Many public health priorities emerge after a spike in deaths or the fear of the rapid spread of a virus to many countries. Why, then, did a “hidden” public health emergency that was barely mentioned 10 years ago -- newborn health—receive dramatic increases in political and financial attention over the last decade?
Jeremy Shiffman’s Viewpoint in the June 5 issue of the Lancet explains the seemingly sudden popularity of newborn health, charting its origin to a 1999 presentation from Dr. Abhay Bang at Johns Hopkins University. Given to a small group of global health leaders, the presentation and its take-away message-- that newborn deaths could be easily and affordably prevented—inspired Save the Children to launch a $50 million newborn health program funded by the Bill & Melinda Gates Foundation. The program, Saving Newborn Lives, joined a small but passionate informal network of academics and health leaders to tell the world that improving newborn survival was not only feasible, but critical.
Shiffman shows that the “actor power” of this small, informal network was far-reaching. Advocacy, research and collaboration resulted in the 2005 Lancet Neonatal Survival Series, where for the first time, the vast majority of global newborn deaths were broken down into three (tractable) causes: infections, prematurity and birth asphyxia. After the series’ publication, Shiffman writes, 20 African countries requested technical assistance from WHO to address the newborn issue.
Knowing the burden of newborn deaths allowed the actors to frame the newborn issue in terms of something near and dear to the international development community: the Millennium Development Goals. Without significant reductions in newborn deaths – which, the actors argued, were feasible with low-cost, proven interventions – MDG 4 would not be met.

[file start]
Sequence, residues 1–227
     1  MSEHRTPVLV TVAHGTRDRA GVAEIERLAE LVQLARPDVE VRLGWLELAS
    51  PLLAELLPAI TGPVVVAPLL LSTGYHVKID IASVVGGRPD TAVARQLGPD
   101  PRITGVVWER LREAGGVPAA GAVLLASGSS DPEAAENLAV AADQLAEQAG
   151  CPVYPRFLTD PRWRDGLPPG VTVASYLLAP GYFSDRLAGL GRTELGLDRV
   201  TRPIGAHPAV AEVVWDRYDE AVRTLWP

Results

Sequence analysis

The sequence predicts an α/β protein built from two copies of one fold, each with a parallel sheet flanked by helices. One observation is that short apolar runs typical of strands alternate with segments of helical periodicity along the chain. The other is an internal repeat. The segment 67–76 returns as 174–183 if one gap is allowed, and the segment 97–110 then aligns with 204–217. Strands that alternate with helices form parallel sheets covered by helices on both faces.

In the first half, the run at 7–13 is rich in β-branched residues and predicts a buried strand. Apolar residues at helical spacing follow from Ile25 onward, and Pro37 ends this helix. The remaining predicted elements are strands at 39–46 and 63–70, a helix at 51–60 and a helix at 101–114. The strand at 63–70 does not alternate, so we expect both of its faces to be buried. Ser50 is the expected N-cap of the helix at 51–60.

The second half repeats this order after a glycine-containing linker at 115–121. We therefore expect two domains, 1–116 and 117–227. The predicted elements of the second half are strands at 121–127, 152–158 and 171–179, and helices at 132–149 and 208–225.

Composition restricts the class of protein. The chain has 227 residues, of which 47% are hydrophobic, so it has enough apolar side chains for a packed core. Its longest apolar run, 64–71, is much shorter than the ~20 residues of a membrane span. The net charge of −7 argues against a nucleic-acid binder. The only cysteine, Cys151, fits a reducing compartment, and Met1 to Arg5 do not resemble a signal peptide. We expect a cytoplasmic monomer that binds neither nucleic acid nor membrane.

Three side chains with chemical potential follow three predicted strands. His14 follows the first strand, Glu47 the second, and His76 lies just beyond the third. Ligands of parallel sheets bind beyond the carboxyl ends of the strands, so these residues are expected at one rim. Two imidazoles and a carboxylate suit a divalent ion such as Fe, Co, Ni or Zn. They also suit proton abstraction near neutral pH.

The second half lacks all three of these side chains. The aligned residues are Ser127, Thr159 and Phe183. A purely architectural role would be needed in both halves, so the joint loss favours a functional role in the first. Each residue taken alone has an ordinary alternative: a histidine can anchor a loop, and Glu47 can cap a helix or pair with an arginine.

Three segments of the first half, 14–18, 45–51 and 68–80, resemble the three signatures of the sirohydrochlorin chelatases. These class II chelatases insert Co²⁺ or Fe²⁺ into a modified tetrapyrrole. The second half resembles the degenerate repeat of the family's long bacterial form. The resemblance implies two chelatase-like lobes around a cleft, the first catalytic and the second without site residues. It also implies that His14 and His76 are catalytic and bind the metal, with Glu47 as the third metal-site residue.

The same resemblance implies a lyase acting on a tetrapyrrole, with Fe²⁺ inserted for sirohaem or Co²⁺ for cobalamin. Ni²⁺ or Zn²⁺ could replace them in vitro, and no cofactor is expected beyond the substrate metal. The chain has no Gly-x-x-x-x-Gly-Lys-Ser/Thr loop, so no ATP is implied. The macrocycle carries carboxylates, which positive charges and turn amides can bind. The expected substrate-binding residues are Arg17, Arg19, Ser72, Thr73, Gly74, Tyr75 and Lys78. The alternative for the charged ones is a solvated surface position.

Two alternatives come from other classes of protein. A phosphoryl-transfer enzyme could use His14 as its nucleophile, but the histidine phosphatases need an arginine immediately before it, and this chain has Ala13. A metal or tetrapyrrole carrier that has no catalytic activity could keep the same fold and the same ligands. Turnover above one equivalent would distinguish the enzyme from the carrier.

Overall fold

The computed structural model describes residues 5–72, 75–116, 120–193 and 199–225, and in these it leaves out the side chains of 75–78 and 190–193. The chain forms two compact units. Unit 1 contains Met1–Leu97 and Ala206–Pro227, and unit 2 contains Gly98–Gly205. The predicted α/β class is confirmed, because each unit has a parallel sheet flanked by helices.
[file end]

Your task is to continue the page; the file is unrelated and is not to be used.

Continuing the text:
Today, a number of powerful global health organizations – for example, USAID, UNICEF, WHO, Save the Children, and the Bill & Melinda Gates Foundation – have prioritized newborn health with funding and programs. Politicians in a number of developing countries, including those on track to meet MDG 4 like Nepal and Malawi, also note the importance of the newborn.
But, Shiffman points out, this attitude has not reached the grassroots level in most developing countries. “The extent to which these governments have responded with funding, policies, and programmes remains unclear, as does how much difference these global promotional efforts have made in shifting widespread grassroots fatalism surrounding newborn deaths,” he writes.
Shiffman continues: “The fate of newborn health in the next decade depends on the extent to which this unfinished agenda reaches beyond global health actors and is successfully pursued within countries.”
Shiffman’s point is valid: in many high-mortality countries, babies aren’t named until they survive their first month of life, and newborn deaths are not recorded because they simply don’t count. This attitude stifles action, even at the national level.
So, HNN reader, we ask you this: what other actions can we as a community take to better reach families and policy makers and convince them to reject the notion that newborn deaths are a fact of life?
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Check out Shiffman's Viewpoint in the Lancet (Lancet login required).
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The Healthy Newborn Network Blog provides timely information and insights from the global newborn health field and seeks to promote dialogue on important newborn health issues. The blog is a platform for the HNN Editors and guest contributors to post commentaries on current happenings in the newborn health field. The content of each post and comments expressed on the HNN blog are those of the individual contributors and do not necessarily represent the views and opinion of the HNN or its Partner Organizations. >>Read a note on leaving comments
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